If you’re being taken for granted, it can be hard to tell. Just ask the U.S. Green Building Council’s (USGBC) LEED certification system. For years, as more and more flashy new buildings lined up for their bona fides, LEED routinely allowed them to stand on its shoulders and reap the benefits of sustainable credentials and higher property values. But once the certifications had been awarded, did those buildings look back? Did they keep the green promises they’d made?
“It’s been like an arranged marriage. You go to the ceremony, then never see each other again,” says green building consultant Jerry Yudelson about LEED, now in its third major iteration. “That’s not the way it’s going to be going forward.”
With LEED 2009, which launched in April and applies to commercial and institutional buildings, the system has clearer language regarding credit interpretation and harmonizes credits across different ratings (LEED for New Construction and LEED for Existing Buildings, for example), says USGBC spokesperson Ashley Katz. But also, finally, it asks for a long-term commitment: The owners of new buildings seeking certification must now agree to share annual data on the projects’ water and energy usage for a period of five years or risk losing the LEED stamp of approval.
On its announcement, this new requirement was hailed as a sign of LEED’s maturity and a step toward greater energy efficiency and carbon reductions in LEED buildings. Several months down the line, though, how is it playing out? Are architects changing their designs, or clients their priorities, in light of the revisions?
“We don’t really know what [a post–LEED 2009 world] is going to look like yet, or how clients are going to receive that and act on it,” says Johanna Brickman, director of sustainability and associate partner at Zimmer Gunsul Frasca Architects in Portland, Ore. Brickman wonders about the logistics of the new system. “It’s a challenge even for us to get that data from our clients, so I could imagine getting that from the thousands of LEED projects every year would be an administrative headache.” Brickman says that aside from stressing the importance of long-term data reporting, the new point distribution hasn’t really changed the design recommendations her firm makes.
For architects, the most significant change may be a new emphasis on siting, with more points awarded for offering access to public transportation, maximizing open space, and other site-specific measures. Additional points also can be earned for addressing regional environmental priorities.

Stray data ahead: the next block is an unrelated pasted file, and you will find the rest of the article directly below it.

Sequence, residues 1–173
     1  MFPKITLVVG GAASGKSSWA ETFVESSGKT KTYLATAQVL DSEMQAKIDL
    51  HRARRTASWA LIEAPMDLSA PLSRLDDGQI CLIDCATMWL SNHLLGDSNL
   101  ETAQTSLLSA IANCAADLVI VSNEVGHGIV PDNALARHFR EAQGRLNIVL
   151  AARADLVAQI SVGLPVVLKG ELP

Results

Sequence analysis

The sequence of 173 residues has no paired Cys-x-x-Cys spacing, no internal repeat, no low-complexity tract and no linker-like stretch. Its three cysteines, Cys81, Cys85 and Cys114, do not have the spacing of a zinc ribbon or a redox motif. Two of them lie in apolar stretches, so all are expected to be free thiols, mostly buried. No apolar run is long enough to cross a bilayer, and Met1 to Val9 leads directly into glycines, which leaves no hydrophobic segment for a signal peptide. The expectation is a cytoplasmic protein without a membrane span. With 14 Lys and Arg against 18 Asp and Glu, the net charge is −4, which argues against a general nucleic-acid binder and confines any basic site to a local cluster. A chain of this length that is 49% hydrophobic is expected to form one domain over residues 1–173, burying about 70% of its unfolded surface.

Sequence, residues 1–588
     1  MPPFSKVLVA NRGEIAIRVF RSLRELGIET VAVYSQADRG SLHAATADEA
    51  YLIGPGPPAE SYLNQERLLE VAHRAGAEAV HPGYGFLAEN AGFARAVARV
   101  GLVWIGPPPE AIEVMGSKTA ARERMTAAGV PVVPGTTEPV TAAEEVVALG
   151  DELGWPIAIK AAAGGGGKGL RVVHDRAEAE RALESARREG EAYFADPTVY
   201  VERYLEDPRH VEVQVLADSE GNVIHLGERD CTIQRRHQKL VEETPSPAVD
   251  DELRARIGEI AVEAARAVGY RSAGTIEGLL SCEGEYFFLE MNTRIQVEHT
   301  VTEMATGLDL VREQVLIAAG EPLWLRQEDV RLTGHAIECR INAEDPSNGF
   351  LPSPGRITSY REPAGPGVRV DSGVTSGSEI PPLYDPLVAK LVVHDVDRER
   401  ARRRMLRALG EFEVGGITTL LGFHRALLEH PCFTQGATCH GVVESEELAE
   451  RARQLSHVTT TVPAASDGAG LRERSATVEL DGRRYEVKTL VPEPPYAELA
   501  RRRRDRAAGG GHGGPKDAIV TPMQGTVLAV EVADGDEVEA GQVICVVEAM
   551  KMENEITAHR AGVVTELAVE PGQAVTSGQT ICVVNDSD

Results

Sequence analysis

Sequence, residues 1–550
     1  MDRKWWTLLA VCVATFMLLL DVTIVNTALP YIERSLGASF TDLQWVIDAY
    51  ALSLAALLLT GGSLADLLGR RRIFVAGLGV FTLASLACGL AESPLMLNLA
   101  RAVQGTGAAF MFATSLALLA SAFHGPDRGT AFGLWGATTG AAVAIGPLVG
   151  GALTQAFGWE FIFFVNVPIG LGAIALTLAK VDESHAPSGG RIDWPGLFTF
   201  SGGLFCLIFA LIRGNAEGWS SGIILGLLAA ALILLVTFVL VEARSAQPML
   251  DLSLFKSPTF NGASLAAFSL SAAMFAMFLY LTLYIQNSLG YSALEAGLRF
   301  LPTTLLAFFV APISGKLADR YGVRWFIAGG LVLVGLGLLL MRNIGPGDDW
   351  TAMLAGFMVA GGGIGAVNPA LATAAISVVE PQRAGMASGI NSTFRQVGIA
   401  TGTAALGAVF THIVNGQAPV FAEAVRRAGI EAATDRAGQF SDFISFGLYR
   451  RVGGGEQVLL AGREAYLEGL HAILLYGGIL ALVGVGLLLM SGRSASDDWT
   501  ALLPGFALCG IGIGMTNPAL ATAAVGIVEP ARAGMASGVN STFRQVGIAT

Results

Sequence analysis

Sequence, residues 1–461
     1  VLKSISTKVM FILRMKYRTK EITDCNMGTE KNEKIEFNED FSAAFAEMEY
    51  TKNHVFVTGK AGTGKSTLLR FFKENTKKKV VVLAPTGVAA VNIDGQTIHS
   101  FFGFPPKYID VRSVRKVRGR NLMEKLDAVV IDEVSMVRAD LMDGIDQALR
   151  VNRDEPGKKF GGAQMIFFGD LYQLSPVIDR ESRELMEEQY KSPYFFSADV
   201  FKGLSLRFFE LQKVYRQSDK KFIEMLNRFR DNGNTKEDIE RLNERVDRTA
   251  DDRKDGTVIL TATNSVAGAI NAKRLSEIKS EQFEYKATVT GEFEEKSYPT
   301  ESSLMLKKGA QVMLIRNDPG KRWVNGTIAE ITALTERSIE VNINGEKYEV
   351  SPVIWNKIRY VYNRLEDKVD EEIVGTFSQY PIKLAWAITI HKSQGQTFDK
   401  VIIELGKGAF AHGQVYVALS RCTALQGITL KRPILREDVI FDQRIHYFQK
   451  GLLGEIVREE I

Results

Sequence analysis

Stressing that it’s too early to make broad conclusions, Daniel Mills, the sustainability manager in HOK’s Houston office and a member of the firm’s sustainability leadership group, predicts that as LEED 2009 becomes status quo, owners and developers likely will “engage architects very early in helping with site selection” because of this shift. “Owners will become much more savvy” about these credits, he says.
By contrast, Mills believes a third major change included in LEED 2009—the raising of the minimum water and energy-efficiency standards—won’t be felt so much by architects or their clients. “I don’t foresee that being a big issue for owners to achieve,” he says, because of the wider availability and lower cost of green products.
But the new requirements do mean it’s important to ensure that your staff is up to date. For Denver-based Fentress Architects, says president and principal in charge of design Curtis Fentress, this means “more seminars and workshops to stay on the cutting-edge of evolving sustainable design and technologies.”
Mills hails the new data-collection requirement, which, he argues, presents both a teaching and learning opportunity for the profession. “It’s important for the owner to realize the full potential of what the design team has worked on for them; but it’s also good because … it makes us more accountable in our design,” Mills says. “There’s kind of a feedback loop. And then you can take it forward in your next project.”